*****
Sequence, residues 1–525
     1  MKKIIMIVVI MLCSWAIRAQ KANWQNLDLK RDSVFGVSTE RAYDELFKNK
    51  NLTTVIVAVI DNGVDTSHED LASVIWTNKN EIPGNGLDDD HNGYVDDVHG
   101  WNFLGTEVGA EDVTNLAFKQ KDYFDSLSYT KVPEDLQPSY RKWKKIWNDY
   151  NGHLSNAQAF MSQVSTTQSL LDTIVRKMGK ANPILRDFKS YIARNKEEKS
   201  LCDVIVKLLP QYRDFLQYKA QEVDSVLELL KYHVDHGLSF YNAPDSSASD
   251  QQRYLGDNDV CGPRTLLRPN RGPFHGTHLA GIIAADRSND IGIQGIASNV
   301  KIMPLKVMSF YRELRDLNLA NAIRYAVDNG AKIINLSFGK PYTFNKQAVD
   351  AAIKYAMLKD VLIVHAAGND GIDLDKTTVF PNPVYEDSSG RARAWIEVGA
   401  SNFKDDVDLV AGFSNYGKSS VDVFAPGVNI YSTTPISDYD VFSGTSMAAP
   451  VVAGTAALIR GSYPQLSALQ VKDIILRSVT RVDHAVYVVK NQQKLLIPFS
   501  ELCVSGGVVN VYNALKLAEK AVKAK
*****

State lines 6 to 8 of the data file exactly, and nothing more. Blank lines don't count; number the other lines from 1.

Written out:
   201  LCDVIVKLLP QYRDFLQYKA QEVDSVLELL KYHVDHGLSF YNAPDSSASD
   251  QQRYLGDNDV CGPRTLLRPN RGPFHGTHLA GIIAADRSND IGIQGIASNV
   301  KIMPLKVMSF YRELRDLNLA NAIRYAVDNG AKIINLSFGK PYTFNKQAVD